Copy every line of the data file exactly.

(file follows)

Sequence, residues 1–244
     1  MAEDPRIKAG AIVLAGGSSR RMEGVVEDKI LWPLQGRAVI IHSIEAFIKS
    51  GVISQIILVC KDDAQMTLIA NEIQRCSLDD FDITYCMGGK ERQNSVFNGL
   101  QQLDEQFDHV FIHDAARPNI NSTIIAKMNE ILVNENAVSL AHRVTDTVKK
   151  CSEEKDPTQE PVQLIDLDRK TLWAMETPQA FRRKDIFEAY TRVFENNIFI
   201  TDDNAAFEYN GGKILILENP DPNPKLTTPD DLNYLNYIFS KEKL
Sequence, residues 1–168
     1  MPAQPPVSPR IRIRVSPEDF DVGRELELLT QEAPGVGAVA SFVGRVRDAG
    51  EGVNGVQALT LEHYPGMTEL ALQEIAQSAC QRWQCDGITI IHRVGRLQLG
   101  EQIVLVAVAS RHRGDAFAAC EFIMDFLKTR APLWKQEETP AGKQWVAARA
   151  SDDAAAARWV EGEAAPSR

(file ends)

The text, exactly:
Sequence, residues 1–244
     1  MAEDPRIKAG AIVLAGGSSR RMEGVVEDKI LWPLQGRAVI IHSIEAFIKS
    51  GVISQIILVC KDDAQMTLIA NEIQRCSLDD FDITYCMGGK ERQNSVFNGL
   101  QQLDEQFDHV FIHDAARPNI NSTIIAKMNE ILVNENAVSL AHRVTDTVKK
   151  CSEEKDPTQE PVQLIDLDRK TLWAMETPQA FRRKDIFEAY TRVFENNIFI
   201  TDDNAAFEYN GGKILILENP DPNPKLTTPD DLNYLNYIFS KEKL
Sequence, residues 1–168
     1  MPAQPPVSPR IRIRVSPEDF DVGRELELLT QEAPGVGAVA SFVGRVRDAG
    51  EGVNGVQALT LEHYPGMTEL ALQEIAQSAC QRWQCDGITI IHRVGRLQLG
   101  EQIVLVAVAS RHRGDAFAAC EFIMDFLKTR APLWKQEETP AGKQWVAARA
   151  SDDAAAARWV EGEAAPSR